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Glenview, IL 60025

Phone: 847.724.9400



Glaucoma is a disease that damages the optic nerves, causing loss of vision. Each optic nerve is made up of about 1 million nerve fibers that carry information from the eye to the brain, allowing us to see images. There are two main types of glaucoma. 

The first and most common type is chronic open-angle glaucoma, which is painless and slowly progressive. Early on, the nerves are damaged in a pattern that causes blind spots in peripheral vision. This often goes un-noticed by the patient until more advanced disease affects central vision. At this point, it may become dangerous to drive. Although a patient may see the car in front of him, he may have trouble detecting a child running toward the street because of the loss of peripheral vision. This insidious disease is problematic because the damage caused by glaucoma cannot be reversed. It is one of the leading causes of blindness in the United States and can be prevented with screening by Dr. Cunningham, as well as early treatment if needed. 

The second type which is less common is closed-angle glaucoma. This glaucoma can be an emergency due to a rapid rise in pressure inside the eye which can also cause permanent vision loss. Symptoms of an acute attack of angle-closure include eye pain, blurry vision, nausea, and vomiting. In this acute setting an immediate trip to the emergency room or to your doctor's office is a must. 


While elevated pressure in the eye is one risk factor for glaucoma, there are many others. These include increasing age, family history, race, past eye trauma, thin central corneas, and near-sightedness. Many systemic disease including diabetes, hypertension, migraines, and poor circulation also may play a role.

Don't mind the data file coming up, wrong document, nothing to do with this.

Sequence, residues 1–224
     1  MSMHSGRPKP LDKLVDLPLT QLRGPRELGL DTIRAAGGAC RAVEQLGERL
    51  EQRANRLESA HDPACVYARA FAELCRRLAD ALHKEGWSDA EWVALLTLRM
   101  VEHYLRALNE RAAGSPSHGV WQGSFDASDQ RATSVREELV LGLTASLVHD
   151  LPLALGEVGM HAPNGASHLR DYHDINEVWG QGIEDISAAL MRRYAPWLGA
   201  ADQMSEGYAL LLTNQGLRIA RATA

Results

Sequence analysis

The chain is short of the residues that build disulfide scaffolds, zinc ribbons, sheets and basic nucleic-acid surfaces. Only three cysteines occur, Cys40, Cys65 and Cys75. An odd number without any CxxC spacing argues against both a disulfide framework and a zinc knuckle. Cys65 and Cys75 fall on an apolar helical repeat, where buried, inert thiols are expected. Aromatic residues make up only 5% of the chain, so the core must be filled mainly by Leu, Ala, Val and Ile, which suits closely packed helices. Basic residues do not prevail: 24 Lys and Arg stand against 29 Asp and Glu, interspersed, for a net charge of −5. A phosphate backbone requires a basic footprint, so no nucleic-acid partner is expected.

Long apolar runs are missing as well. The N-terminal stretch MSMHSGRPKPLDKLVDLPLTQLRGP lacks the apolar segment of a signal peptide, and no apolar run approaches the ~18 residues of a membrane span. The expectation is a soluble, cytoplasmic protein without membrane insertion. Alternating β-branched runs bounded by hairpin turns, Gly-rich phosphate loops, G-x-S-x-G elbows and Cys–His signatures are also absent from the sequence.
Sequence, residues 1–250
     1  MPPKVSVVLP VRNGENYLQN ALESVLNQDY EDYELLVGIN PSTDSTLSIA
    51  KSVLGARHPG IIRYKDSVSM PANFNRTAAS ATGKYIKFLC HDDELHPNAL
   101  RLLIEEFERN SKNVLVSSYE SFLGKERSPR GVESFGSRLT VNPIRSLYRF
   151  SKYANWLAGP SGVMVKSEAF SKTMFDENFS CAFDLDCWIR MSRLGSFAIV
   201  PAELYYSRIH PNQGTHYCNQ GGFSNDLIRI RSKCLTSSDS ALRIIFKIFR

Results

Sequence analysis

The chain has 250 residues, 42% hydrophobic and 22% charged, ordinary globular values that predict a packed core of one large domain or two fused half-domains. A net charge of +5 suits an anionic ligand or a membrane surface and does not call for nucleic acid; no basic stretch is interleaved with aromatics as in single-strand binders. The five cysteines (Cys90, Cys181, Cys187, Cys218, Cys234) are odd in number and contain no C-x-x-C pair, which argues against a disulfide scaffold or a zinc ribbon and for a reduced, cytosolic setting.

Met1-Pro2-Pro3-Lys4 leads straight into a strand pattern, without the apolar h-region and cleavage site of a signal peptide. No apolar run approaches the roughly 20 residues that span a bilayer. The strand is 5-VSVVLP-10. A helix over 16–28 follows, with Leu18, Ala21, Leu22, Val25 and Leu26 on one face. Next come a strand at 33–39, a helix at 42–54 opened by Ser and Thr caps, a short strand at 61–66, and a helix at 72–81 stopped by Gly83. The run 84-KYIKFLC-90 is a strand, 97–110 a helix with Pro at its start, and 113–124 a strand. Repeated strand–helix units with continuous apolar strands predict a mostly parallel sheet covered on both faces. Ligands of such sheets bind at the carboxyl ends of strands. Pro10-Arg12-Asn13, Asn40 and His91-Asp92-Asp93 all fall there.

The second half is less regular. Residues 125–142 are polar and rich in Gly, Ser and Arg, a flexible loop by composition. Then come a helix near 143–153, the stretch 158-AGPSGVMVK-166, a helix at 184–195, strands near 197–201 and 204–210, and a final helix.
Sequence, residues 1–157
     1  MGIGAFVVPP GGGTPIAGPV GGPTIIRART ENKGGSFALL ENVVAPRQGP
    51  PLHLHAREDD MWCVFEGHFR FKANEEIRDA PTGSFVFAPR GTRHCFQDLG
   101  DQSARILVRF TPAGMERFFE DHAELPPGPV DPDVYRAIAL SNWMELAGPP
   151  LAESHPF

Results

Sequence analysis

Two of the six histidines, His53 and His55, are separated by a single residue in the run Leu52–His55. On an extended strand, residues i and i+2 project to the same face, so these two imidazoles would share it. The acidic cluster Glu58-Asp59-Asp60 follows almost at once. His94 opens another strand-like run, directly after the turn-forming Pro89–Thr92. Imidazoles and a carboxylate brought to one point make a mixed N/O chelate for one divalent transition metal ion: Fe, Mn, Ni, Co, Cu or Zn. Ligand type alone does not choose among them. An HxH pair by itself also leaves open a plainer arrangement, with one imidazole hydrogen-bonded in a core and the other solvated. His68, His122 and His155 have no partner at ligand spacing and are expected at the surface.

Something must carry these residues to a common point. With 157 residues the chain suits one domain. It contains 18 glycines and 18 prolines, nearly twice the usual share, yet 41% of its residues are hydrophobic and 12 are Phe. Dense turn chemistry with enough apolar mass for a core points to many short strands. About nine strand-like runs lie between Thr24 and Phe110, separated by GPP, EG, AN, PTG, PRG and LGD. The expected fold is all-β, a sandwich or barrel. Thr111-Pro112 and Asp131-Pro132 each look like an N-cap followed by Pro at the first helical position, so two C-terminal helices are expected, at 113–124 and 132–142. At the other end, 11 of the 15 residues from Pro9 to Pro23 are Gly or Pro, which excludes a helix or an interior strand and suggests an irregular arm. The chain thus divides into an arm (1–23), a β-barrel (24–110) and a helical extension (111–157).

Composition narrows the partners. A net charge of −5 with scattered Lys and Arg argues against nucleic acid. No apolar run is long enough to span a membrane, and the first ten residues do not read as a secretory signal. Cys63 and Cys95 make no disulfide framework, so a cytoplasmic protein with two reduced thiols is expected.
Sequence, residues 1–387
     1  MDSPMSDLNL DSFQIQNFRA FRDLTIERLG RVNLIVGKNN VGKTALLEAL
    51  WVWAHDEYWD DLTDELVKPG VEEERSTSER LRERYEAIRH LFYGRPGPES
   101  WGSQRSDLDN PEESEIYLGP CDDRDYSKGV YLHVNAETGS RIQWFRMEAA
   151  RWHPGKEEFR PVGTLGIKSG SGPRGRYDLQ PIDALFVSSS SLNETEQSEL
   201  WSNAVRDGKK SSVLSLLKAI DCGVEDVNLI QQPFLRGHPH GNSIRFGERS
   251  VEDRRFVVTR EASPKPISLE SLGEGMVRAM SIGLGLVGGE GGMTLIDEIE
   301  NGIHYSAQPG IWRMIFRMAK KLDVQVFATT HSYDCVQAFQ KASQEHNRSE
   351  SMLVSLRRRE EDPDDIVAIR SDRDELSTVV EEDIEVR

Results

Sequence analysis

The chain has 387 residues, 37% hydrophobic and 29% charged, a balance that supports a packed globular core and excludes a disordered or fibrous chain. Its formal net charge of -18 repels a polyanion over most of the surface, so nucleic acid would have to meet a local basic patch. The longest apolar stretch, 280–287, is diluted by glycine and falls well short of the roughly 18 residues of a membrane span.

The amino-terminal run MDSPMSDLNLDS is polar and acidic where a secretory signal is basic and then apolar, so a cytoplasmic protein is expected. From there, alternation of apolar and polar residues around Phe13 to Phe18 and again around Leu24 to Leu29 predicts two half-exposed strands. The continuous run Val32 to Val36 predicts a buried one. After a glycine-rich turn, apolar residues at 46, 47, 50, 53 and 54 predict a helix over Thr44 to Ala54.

Routine screening eye exams are the best way to detect glaucoma. It is important to understand that the most common type of glaucoma, open-angle glaucoma, has no symptoms until the disease is advanced. It is a painless and insidious disease that permanently takes vision away, starting in the periphery. Because over half of the nerve fibers can die before we detect a change in your vision, we look closely at the appearance of the optic nerve with serial photographs and with the use of the Heidelberg HRT-2 scanning laser tomography system. This state of the art technology allows us to view a 3-D image of the optic nerve. Computer analysis of your nerve helps us to detect glaucoma in its earliest stage as well as follow disease progression. We use all of this information combined with your other risk factors to determine whether treatment should be started, and which treatment is most appropriate for you. 


Treatment for glaucoma is aimed at lowering the pressure inside the eye in order to prevent further vision loss. There is no cure for glaucoma and no treatment that will restore vision once it is lost, therefore early detection is important to prevent you from losing the precious vision that you have. 

In open angle glaucoma, pressure can be reduced by various methods including eye-drops, laser procedures, and surgery in the operating room. Some patients achieve adequate reductions in their intraocular pressure with eye-drops, and some prefer a laser treatment called SLT. SLT stands for selective laser trabeculoplasty. It is a painless procedure that is done in the office to help reduce pressure in the eye. Many patients take eye-drops and also have a laser treatment. Few patients undergo surgery. All methods are very successful in reducing pressure in the eye, and thus preventing further vision loss. 

In closed angle glaucoma, treatment may initially be eye-drops, followed by a laser procedure called a peripheral iridotomy. This laser creates a small hole in the iris, the colored part of the eye, so that high pressure will not build up inside the eye. This hole is NOT a connection to the outside of the eye. 


There is no cure for glaucoma, and unfortunately no medicine or surgery to restore lost vision. Only a complete eye exam will detect glaucoma early enough to start treatment and prevent further vision loss.